3 occurrences in 3 dictionaries

Reference: Balance


occurs in Le 19:36; Isa 46:6, as the rendering of the Hebrew kanch', which properly means "a reed" or "a cane," then a rod or beam of a balance. This same word is translated "measuring reed" in Eze 40:3,5; 42:16-18. There is another Hebrew word, mozena'yim, i.e., "two poisers", also so rendered (Da 5:27). The balances as represented on the most ancient Egyptian monuments resemble those now in use. A "pair of balances" is a symbol of justice and fair dealing (Job 31:6; Ps 62:9; Pr 11:1). The expression denotes great want and scarcity in Re 6:5.

Illustration: Balance

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The emblem of justice (Job 31:6; Ps 62:9; Pr 11:1) the test of truth and honesty. The emblem of scarcity, food being weighed out Re 6:5). Mozenaim, "double scales" (Ge 23:16). Qaneh, "the beam of a balance" (Isa 46:6). Peles, "scales" (Isa 40:12): literally, "the beam", or else the aperture in which the tongue or beam moves.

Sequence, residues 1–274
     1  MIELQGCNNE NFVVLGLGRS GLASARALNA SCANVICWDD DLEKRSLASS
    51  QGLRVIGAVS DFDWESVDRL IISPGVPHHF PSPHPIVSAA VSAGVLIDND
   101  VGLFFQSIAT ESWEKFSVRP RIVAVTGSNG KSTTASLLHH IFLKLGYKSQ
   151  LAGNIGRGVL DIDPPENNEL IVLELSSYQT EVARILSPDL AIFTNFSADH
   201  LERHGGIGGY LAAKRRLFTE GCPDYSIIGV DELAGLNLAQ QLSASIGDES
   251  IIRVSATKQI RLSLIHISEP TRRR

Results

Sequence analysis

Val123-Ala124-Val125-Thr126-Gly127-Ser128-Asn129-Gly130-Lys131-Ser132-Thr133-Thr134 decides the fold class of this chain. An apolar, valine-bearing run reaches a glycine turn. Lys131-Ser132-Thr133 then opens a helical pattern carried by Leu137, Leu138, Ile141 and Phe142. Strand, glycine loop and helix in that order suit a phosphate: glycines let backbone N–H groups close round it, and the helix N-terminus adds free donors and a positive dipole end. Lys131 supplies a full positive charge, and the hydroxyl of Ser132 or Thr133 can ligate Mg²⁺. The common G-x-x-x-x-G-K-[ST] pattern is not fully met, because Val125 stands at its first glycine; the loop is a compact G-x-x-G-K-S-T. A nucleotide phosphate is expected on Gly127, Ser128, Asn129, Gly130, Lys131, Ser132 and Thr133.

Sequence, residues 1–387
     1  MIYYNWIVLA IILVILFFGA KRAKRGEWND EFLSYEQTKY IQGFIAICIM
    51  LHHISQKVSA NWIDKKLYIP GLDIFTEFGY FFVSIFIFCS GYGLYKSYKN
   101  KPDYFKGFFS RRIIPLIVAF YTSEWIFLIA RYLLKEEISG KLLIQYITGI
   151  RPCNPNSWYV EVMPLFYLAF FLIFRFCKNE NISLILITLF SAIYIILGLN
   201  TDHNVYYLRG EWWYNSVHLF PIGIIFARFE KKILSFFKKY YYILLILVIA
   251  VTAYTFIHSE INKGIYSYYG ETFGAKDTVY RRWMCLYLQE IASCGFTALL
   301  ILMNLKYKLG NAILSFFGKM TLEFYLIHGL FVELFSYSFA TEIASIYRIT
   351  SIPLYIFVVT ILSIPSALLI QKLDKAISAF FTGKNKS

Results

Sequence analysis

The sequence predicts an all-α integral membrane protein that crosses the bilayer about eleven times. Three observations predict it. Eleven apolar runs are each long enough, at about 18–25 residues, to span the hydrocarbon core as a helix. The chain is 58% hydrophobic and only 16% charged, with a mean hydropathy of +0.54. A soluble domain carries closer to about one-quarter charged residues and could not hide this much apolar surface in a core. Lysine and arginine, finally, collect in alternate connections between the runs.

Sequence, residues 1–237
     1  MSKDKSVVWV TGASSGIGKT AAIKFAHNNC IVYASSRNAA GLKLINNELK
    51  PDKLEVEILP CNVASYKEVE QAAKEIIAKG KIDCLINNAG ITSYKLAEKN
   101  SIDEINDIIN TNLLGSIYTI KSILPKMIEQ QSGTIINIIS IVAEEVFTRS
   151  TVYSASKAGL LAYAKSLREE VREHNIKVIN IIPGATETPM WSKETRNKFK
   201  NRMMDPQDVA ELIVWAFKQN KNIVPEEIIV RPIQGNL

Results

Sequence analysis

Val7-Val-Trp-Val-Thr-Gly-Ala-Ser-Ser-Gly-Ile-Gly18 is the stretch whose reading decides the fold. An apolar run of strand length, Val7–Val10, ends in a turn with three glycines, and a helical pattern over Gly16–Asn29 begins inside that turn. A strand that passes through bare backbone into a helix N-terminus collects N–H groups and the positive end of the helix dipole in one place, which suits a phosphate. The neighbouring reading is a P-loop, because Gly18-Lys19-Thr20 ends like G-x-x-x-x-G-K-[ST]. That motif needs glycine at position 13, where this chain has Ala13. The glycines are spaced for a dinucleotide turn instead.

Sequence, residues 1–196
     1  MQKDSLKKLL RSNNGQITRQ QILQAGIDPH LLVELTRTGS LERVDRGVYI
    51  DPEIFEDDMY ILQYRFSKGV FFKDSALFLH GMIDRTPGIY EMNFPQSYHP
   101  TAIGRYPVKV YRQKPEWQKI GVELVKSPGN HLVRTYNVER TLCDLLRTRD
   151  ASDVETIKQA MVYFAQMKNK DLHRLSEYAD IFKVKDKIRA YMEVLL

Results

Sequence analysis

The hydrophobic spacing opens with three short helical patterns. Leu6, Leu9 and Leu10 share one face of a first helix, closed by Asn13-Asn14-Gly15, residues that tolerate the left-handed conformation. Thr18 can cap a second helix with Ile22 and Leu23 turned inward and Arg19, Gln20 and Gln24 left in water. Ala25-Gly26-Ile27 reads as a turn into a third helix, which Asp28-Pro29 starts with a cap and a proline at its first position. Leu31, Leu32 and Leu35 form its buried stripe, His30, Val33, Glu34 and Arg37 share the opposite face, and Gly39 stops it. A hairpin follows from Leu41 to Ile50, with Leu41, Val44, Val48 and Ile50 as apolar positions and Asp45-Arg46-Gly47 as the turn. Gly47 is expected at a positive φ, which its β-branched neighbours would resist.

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The Hebrew balances probably differed but little from those in use in Egypt as described by Wilkinson (Anc. Egyp. [1878], II. 246 f.). The main parts were the beam with its support, and the scales which were hung by cords from the ends of the equal arms of the beam. The 'pair of scales' is used in OT by a figure for the balance as a whole; only once is the beam so used (Isa 46:6). The weights were originally of stone and are always so termed. The moral necessity of a just balance and true weights and the iniquity of false ones are frequently emphasized by the prophets, moral teachers, and legislators of Israel; see Am 8:5; Mic 6:11; Pr 11:1; 16:11 ('a just balance and scales are the Lord's') Pr 20:23; Le 19:36; De 25:13 ff.

A. R. S. Kennedy.

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